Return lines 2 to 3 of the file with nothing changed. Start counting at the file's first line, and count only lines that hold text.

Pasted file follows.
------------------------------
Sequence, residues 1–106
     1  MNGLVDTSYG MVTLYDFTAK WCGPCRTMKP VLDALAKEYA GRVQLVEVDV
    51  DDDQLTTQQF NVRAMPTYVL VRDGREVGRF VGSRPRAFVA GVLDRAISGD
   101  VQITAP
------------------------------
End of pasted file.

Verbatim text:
     1  MNGLVDTSYG MVTLYDFTAK WCGPCRTMKP VLDALAKEYA GRVQLVEVDV
    51  DDDQLTTQQF NVRAMPTYVL VRDGREVGRF VGSRPRAFVA GVLDRAISGD